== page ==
Nice on ice
MacLean smiled and called out gruffly, "Sammy. Could you come over here?"
The Red Wings had just beaten the Minnesota Wild, 4-1, with the only goal scored on them being an own-goal. The players were happy. They collectively exhaled knowing that they were soon to board the team plane home, then get their first three-day break in the past four months.
Mikael Samuelsson -- known to everyone on the team as Sammy -- was still on the clock. He excused himself from his conversation with reporters and did what his coach asked.
One moment after Samuelson followed MacLean around the corner to the area in which the players changed clothes; laughter could be heard coming from several players.
Then Samuelsson came back around the corner. Every spot on his face was covered deep in saving cream from hairline to chin.
"I knew this was going to happen," said Samuelsson.
The next person to walk around the corner was Kris Draper, who sported a wide grin. Five minutes earlier, Draper had gotten Johan Franzen with the same trick of placing a shaving-cream laden towel in the face.
"Two in one day," said Draper. "That's impressive.
Draper is the Red Wings' resident birthday celebrator. And birthdays are always celebrated with shaving cream in the face.
Samuelsson and Franzen share a Dec. 23 birthday, but Draper had to get them one day early because the team wouldn't be together that day.
Now here's the importance of shaving cream in hockey … The Red Wings get along.
That's no small thing. We've all worked in environments in which people get along and those in which people do not. Everyone is more productive in a happy workplace.
Admittedly, this is a chicken-egg notion. Are the Red Wings a good team because they get along? Or are the Red Wings getting along because they are doing so well?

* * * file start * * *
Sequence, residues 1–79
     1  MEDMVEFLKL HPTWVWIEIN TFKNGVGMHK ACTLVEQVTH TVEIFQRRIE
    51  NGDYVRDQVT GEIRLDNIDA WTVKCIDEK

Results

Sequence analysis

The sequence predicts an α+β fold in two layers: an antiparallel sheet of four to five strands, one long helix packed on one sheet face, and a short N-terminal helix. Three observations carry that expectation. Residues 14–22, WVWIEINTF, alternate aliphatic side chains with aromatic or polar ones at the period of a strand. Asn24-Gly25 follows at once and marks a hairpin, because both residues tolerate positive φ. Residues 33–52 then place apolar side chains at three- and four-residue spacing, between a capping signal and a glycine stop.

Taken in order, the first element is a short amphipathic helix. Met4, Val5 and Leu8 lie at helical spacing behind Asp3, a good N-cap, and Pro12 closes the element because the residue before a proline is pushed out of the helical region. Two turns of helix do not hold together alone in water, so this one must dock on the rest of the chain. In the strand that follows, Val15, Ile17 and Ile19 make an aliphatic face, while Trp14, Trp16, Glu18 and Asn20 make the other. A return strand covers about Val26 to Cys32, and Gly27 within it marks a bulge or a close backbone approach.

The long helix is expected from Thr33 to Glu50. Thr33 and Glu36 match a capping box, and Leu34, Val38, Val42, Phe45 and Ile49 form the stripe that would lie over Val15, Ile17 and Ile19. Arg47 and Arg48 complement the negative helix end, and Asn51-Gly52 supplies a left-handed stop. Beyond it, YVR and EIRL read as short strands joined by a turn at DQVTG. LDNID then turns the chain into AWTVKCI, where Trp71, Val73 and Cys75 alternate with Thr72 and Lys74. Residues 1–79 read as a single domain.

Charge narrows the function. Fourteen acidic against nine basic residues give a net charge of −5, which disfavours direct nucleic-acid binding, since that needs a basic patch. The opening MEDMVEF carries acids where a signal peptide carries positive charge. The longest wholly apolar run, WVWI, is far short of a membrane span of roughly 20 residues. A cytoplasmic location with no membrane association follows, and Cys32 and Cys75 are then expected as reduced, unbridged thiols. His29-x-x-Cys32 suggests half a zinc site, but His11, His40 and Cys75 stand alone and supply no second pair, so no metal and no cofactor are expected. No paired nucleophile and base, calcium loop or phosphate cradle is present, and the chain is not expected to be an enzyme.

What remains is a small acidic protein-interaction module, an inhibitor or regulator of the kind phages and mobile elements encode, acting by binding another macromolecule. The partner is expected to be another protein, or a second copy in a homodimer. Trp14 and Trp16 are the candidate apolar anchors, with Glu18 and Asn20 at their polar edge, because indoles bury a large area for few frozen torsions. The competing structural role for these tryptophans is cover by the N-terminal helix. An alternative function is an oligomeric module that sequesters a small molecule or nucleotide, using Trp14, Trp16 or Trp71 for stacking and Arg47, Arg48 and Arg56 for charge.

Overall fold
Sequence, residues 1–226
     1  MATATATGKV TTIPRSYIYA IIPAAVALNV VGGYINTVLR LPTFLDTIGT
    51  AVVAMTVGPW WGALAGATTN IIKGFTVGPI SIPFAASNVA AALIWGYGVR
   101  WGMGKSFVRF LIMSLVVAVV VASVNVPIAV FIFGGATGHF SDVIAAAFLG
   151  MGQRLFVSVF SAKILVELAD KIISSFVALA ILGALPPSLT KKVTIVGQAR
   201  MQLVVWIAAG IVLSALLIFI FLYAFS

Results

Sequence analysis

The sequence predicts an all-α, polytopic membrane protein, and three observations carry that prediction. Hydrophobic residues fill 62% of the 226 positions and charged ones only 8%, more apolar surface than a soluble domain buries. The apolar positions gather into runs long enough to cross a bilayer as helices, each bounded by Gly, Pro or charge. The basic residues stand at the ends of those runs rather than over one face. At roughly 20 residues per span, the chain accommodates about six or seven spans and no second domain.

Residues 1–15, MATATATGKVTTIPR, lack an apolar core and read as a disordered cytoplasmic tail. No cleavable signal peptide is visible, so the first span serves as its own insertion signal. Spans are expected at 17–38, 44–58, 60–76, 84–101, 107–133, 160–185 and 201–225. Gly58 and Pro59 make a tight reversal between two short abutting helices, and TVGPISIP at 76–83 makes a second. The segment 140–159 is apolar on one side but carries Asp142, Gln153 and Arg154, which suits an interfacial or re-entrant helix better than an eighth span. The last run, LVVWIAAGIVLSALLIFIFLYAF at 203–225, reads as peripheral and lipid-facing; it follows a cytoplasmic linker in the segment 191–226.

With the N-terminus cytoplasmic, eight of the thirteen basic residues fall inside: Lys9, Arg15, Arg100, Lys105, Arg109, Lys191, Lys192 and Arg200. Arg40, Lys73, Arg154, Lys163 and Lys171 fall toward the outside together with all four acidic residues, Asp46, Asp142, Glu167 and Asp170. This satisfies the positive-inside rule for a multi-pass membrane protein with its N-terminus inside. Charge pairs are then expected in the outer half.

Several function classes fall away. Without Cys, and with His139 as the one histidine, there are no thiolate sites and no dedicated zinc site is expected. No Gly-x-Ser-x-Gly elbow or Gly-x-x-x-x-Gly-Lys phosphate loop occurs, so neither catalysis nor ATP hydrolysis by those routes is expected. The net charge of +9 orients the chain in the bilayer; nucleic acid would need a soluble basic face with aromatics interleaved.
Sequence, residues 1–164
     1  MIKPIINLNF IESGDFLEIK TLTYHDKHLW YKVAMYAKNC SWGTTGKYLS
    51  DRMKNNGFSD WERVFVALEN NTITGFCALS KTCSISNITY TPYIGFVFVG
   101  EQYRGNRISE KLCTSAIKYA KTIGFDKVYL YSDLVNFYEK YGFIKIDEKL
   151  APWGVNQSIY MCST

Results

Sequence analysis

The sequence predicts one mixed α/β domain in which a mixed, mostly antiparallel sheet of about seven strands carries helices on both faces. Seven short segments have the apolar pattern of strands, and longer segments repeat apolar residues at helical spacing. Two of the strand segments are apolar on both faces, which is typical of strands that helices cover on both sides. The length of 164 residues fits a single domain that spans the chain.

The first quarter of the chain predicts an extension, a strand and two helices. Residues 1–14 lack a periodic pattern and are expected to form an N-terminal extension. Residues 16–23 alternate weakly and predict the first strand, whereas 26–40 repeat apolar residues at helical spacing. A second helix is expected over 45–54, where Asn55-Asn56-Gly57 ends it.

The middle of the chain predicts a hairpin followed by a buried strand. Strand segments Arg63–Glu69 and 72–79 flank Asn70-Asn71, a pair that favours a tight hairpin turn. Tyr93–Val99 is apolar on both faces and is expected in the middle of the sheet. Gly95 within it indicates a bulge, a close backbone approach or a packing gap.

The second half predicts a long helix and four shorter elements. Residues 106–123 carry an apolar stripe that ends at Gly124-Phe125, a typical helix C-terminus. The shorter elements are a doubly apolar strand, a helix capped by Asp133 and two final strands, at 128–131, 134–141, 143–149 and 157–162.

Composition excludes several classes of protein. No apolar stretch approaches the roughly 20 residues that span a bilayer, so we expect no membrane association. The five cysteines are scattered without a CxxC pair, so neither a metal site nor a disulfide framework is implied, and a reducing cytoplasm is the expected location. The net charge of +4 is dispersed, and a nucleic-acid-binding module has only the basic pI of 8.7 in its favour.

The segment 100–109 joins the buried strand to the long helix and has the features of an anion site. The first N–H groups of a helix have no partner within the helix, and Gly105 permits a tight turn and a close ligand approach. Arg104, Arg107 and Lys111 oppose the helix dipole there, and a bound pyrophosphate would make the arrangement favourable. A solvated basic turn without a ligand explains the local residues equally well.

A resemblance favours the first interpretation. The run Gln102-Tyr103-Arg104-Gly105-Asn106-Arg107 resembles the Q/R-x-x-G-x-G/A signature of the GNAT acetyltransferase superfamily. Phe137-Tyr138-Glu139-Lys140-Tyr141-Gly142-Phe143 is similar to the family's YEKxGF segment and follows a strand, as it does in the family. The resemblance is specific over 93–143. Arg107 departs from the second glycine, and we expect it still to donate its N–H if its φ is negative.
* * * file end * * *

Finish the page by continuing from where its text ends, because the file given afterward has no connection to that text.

Spending time in the locker room, I'll tell you that it's the former. These are good people.
You'll read about some hockey teams having fights in practice and how that's good for their spirit. It's not. A person battles much harder for someone he likes than someone he dislikes. You won't see fights happening with these Red Wings.
On other teams, you might see someone of Pavel Datsyuk's stature rumble or balk at playing wing rather than center.
On other teams, you might see someone as accomplished as Chris Chelios upset at playing a defense-only role. Or see someone who's as gifted of a leader as Chelios -- the man is putting the NHLPA back in order -- wondering aloud why he's not wearing a 'C' or 'A' on his jersey.
On other teams, you might see someone who has performed as well as Chris Osgood -- leading the league in goals-against average, 15 wins in his 18 starts -- complain when he's sitting the bench three games in a row.
On other teams, you might see a promising young scorer like Jiri Hudler discouraged by spending so much time on the fourth line.
Instead, you see shaving cream covered faces, team bowling parties and jokes.
This isn't to say that there aren't disagreements, pettiness and indifference in the Detroit locker room.
This is to say that niceness isn't akin to softness. This is to say that Leo Durocher had it all wrong. Nice guys can finish first. Just look at the NHL standings the past three years.